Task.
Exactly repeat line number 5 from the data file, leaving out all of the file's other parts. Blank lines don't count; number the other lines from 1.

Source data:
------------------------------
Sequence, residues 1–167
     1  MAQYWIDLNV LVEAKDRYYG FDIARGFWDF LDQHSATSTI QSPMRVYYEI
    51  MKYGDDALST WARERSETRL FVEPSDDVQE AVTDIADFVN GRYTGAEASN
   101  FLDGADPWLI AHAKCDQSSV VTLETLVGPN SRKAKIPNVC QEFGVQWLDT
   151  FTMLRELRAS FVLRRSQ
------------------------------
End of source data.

   151  FTMLRELRAS FVLRRSQ